Why should you learn how to build web apps? My interview with Nicole Zuckerman.

Curious about building web apps? I interviewed recent programmers about their experiences learning to code and where they are now. First up: Nicole Zuckerman, recent graduate of Hackbright Academy in San Francisco.

Hi Nicole — what's your background?

I've got a BA and MA in English Literature and Women's Studies. I worked in publishing for around 5 years (college textbooks), going from a proofreader to an accuracy checker for math textbooks (up to/including calculus), then became a project manager, and ultimately a program director for a workflow of publishing books. Basically, entirely non-technical, except for the fact that when I was a project manager I coded manuscript in something resembling html/xml... which was probably my favorite part of that job, even though it seems super boring to me now when I can, instead, make computers do things!

What inspired you to learn programming?

I have generally felt, for most of my adult life, that geeks of a feather tend to flock together. I knew a bunch of friends who were software developers, and when I would gripe about how non-inspiring my work was, they would say "You love language and you love logic, I think you'd love what I do" but I never believed I could. I thought you had to be wicked smart, and have been doing it since you were in footie pajamas, and I fit neither of those categories.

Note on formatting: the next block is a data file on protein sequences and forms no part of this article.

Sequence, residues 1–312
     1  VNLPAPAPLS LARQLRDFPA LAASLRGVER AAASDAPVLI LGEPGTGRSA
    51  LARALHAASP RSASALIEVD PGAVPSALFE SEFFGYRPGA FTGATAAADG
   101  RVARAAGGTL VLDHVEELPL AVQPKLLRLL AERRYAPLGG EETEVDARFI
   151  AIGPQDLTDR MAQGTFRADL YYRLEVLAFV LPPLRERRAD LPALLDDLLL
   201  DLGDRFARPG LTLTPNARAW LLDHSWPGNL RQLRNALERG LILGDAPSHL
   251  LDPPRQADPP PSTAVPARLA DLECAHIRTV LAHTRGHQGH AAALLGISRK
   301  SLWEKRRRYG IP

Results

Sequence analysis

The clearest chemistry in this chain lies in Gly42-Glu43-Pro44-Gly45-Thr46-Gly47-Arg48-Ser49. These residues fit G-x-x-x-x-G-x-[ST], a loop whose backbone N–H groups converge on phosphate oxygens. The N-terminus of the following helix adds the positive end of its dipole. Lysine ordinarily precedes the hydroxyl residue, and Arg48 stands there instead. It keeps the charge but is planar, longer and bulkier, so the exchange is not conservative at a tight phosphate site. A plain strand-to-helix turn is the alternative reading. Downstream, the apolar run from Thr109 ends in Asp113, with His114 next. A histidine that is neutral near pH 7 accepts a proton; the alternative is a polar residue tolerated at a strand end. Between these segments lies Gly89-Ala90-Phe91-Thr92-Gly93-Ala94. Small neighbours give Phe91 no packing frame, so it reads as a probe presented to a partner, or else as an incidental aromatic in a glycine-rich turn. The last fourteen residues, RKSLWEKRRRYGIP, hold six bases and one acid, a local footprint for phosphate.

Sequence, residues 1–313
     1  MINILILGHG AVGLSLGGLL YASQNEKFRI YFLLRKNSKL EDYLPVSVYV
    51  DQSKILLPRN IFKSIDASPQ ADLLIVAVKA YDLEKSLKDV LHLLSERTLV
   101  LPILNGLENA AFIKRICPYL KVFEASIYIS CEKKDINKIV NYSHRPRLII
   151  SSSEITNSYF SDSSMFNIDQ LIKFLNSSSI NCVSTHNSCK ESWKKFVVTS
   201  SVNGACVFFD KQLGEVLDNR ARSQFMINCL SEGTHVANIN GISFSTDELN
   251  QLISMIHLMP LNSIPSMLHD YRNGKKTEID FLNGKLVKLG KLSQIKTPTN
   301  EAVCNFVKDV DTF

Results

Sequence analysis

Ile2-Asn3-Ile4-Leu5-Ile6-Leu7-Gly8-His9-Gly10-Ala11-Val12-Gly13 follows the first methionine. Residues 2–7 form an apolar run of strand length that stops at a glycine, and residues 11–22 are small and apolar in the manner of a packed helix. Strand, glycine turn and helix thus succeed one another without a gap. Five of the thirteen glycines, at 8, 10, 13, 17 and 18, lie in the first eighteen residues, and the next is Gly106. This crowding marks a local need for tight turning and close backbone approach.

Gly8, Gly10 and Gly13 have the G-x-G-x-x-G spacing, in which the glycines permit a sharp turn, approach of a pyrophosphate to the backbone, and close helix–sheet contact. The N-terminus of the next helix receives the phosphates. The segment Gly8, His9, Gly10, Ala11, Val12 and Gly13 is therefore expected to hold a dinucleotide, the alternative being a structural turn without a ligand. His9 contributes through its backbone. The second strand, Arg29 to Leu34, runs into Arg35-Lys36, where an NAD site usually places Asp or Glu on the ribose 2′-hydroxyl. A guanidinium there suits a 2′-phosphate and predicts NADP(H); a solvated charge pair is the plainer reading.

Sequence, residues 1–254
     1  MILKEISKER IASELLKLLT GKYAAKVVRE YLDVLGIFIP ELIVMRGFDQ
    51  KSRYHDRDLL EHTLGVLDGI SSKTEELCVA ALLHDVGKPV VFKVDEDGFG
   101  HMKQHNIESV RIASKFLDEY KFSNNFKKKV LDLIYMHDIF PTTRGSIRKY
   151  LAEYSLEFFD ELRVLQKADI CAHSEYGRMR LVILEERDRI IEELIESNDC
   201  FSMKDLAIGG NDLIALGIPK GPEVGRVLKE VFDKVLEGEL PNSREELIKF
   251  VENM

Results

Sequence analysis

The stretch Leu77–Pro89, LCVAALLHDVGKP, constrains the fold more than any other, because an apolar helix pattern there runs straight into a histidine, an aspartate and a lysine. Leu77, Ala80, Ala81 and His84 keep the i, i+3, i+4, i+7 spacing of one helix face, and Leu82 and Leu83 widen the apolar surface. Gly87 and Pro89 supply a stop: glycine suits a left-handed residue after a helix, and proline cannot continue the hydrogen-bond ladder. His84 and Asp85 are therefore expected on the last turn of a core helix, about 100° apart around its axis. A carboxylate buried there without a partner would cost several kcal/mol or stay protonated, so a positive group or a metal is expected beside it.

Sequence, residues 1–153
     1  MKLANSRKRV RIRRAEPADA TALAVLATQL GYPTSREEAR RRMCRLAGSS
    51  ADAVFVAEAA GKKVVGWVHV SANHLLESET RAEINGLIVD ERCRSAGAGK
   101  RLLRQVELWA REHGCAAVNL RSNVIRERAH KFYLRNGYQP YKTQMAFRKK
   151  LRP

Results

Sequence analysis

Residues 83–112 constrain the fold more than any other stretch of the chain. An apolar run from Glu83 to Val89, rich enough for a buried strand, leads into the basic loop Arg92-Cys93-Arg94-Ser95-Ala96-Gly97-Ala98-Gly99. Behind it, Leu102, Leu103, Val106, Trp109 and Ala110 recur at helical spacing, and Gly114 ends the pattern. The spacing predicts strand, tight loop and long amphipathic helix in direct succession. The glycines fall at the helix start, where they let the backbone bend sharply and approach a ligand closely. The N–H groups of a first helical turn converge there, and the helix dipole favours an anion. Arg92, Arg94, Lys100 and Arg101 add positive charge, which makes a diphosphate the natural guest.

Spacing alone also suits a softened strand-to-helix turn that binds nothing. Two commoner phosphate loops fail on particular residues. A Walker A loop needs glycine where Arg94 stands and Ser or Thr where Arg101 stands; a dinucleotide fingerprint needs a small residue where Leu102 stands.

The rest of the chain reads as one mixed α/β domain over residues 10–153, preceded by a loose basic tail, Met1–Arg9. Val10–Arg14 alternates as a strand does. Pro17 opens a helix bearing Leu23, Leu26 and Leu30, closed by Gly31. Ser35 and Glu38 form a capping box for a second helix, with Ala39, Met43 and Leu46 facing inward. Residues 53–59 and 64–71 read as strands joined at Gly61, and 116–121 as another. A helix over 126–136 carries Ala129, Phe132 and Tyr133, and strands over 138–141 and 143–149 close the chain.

But when my desire for stability lost out, finally, to my need for a job that I enjoyed, I finally decided I would at least give it a shot. I'd apply to a school, I'd play with it a little, and if I was terrible at it or hated it, then at least I'd know. So I tried some exercises on Codecademy, and found that it was okay although I didn't get why you would bother with these things, and I applied to Hackbright.

Honestly, the interview I had probably played a fairly large role into my desire to go for it. I was given a puzzle of sorts, a problem with a set of limitations, and described how I would solve it. Then we made the problem harder, more restrictions, etc, and talked about how I could solve it better. That kind of problem-solving was really fun for me, and something I didn't realize you could have a job doing — figuring out how bubble sort (the algorithm) works without ever having heard of such a thing. When I got in, I was elated, and determined to do this for my career.

Tell me a little bit about the Hackbright Academy experience!

I was convinced I was the worst in the class during the first half of the course, the least prepared. I'd never heard of these concepts before doing the pre-work; things like for loops and Object-Oriented Programming were entirely alien to me. Some people get these things right away, and some take time to process the implications before getting it; I was in the latter category, but once I understood the why of a thing, I really got it in a fundamental way. It turns out I was as well prepared as anyone else in the class was, and that I was doing great, though I always have the highest expectations of myself and you'll never be able to convince me that I'm killing it.

I believe that if I'd done any other program, I wouldn't be nearly as strong in my understanding as I am right now. The all-female student base meant I didn't assume that anyone else innately had more knowledge than I did, so I had to just roll up my sleeves and get things done myself. I am so glad I chose Hackbright.